LT: An artist needs to have complete control over their work and brand. That kind of control is empowering and really helps to define you as an artist. Its also about getting your own gigs and actually putting flyers in the hands of people and utilizing social media to its full capacity.

NH: You need a hit that is radio friendly. You can hustle all you want but if you don’t have that song that gets you noticed, then it is a wasted effort.

How important are music videos and how do you get one on MTV?

MO: MTV has grown as a forum to host dance and electronic music videos. The great thing about music videos is that it tells the story of an artist especially that artist who needs that exposure to tell their story. If we partner with an artist to get a video premiered on MTV then that artist has the support of all that MTV has to offer. An artist can make a name for themselves by posting their video online and having it go viral and we will certainly pay attention to those artist who we see, hear, and really like.

How difficult is it to get your song on to radio?

LT: Honestly radio is a great platform but all of us hear great electronic music come from things like car commercials. There are plenty of forums to distribute your music. If you want us as a radio station to play your song, then send it to us. It’s really not that difficult and we will listen to it and decide whether or not it deserves our listeners attention. At this point labels have become less relevant in deciding what people are listening to so more and more people are turning to radio to hear new music. As an artist it is important to find ways to make yourself relevant and noticeable through social media and networking. As your relevance increases so does your ability to get noticed by us and we will invest time in your music.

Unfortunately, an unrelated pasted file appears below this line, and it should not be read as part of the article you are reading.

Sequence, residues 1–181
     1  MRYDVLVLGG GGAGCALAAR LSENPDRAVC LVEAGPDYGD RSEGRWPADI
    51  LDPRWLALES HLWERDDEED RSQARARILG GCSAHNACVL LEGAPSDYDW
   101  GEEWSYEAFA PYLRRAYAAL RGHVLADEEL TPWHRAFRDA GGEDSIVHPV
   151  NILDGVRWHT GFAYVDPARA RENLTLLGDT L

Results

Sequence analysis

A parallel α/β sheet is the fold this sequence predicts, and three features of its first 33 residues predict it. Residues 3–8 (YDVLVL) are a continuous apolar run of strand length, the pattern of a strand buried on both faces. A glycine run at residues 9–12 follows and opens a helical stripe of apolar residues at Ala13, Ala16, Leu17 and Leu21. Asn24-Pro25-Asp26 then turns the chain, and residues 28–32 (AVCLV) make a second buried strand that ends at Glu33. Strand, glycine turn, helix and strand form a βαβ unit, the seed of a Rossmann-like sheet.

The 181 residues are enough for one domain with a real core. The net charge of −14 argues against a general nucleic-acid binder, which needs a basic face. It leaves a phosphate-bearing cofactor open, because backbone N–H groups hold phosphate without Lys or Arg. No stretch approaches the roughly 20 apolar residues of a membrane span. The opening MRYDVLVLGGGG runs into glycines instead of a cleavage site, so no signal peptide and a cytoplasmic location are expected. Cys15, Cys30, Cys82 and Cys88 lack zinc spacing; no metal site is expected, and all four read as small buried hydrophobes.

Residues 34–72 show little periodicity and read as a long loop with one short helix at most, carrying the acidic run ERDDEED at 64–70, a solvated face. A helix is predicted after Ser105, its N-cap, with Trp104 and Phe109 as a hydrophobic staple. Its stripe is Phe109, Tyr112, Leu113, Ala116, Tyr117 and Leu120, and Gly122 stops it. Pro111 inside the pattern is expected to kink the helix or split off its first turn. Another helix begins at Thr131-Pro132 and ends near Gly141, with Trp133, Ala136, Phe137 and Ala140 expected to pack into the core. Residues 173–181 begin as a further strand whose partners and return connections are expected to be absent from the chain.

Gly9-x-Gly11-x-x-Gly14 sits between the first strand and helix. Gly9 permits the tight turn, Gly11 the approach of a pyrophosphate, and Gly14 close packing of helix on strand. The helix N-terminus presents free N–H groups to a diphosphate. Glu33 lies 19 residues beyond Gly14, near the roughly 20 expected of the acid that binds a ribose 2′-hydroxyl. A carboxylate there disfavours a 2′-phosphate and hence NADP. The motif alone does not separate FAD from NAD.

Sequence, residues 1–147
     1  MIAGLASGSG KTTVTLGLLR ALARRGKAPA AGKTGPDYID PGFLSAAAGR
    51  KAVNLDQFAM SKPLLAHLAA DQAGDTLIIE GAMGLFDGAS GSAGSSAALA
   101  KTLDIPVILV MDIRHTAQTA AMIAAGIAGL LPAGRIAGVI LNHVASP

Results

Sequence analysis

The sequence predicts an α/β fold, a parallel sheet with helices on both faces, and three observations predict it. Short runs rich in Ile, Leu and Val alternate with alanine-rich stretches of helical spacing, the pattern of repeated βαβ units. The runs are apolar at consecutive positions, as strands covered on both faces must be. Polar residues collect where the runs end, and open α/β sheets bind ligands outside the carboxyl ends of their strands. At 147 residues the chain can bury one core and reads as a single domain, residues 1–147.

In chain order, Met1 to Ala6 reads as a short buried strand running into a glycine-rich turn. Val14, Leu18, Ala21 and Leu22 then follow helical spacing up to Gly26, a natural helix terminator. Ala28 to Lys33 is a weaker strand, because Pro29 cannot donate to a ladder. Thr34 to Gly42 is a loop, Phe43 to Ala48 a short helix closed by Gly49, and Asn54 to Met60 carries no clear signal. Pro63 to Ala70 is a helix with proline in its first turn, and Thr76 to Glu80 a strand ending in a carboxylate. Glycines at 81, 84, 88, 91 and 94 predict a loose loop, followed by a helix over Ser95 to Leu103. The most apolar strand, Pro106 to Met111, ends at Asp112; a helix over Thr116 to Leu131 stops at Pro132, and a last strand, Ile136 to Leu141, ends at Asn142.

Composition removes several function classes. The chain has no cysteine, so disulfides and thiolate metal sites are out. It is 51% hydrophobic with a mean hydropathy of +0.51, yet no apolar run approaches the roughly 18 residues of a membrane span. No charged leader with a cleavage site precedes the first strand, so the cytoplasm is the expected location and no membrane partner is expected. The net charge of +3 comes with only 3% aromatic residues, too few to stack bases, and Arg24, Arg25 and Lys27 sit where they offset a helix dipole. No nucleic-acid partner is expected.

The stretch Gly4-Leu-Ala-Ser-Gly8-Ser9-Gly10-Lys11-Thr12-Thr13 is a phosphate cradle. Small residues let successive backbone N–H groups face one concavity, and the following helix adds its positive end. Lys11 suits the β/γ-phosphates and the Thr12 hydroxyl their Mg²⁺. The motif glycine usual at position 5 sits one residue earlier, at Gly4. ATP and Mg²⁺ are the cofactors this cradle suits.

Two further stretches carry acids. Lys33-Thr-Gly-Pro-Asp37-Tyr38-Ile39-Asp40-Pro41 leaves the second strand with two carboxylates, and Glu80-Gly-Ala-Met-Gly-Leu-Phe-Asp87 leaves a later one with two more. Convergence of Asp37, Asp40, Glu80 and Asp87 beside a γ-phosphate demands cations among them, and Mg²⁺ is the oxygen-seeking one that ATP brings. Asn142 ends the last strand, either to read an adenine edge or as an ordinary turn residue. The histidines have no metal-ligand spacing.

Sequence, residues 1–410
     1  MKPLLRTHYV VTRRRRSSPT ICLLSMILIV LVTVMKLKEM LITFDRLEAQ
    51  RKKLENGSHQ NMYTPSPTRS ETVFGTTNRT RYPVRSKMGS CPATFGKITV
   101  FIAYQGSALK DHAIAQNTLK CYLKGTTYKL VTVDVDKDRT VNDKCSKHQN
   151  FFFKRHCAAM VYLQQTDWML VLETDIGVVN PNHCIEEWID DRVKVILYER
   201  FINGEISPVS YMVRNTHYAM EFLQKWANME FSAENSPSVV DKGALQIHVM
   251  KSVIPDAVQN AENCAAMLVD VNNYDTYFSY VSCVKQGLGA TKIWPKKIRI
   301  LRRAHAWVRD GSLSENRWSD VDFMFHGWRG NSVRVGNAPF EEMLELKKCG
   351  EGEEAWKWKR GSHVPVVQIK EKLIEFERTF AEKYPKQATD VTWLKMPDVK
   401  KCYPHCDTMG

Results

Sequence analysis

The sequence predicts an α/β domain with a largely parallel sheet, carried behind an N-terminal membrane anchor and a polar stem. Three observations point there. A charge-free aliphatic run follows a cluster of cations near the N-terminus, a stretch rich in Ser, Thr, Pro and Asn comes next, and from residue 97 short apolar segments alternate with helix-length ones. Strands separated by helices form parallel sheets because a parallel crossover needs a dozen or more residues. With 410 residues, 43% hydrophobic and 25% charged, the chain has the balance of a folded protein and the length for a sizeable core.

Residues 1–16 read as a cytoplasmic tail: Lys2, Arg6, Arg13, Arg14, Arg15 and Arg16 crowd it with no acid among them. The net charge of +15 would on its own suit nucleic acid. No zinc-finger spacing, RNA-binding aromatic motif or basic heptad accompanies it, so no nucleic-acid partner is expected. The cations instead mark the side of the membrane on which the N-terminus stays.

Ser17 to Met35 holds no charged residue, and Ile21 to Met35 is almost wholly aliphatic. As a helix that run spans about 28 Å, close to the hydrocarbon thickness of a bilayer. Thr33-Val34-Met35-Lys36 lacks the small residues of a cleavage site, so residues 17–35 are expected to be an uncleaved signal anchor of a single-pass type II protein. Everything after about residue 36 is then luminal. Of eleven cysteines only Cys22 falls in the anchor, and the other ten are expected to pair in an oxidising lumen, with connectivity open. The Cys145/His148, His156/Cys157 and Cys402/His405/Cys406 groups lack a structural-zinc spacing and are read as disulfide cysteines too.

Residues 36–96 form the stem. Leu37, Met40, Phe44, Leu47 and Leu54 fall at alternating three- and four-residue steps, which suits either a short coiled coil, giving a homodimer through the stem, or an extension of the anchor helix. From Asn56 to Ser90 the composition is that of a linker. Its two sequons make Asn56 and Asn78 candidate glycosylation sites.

Are DJ’s producers? Is there a market for people to be just DJ’s or just producers or does an artist have to do it all?

NH: They certainly can be if they can know how to program a beat.

BF: Artists need to get away from the happy accident type of producing. DJ’s and producers alike also need to be aware of how they can activate all 5 senses. If you can get the public to feel, taste, touch, see, and hear your music, then you are on to something extraordinary. This is why you see so many artists with branded clothing lines, fragrances, and branded gear for production and performance.

Is it better to be on an independent or a major label?

BF: Its really about who believes in you the most.

RC: Its also about maintaining your credibility as an artist. Which route is going to give you the most creative control is the one you should go with.

Where do you guys see electronic music in the next 5 years?

NH: Even with all of the genres that are crossing over, electronic music will continue to thrive and it is not going anywhere.

MO: Its all about the full 360 plans. Its no longer just about DJ’s or just about producers and making top 40 singles. Its about doing something that is yours and turning people on to your sound.

CS: As the technology advances so will the sound of the music. Its exciting to see all of this new technology coming out and seeing what artists can do with it. Thats where I think electronic dance music is going.

LT: It’s not about trying to be the next trend because as soon as you create the song that fits that mold, it’s already dated. Just make great music and people will respond in ways that surprise you.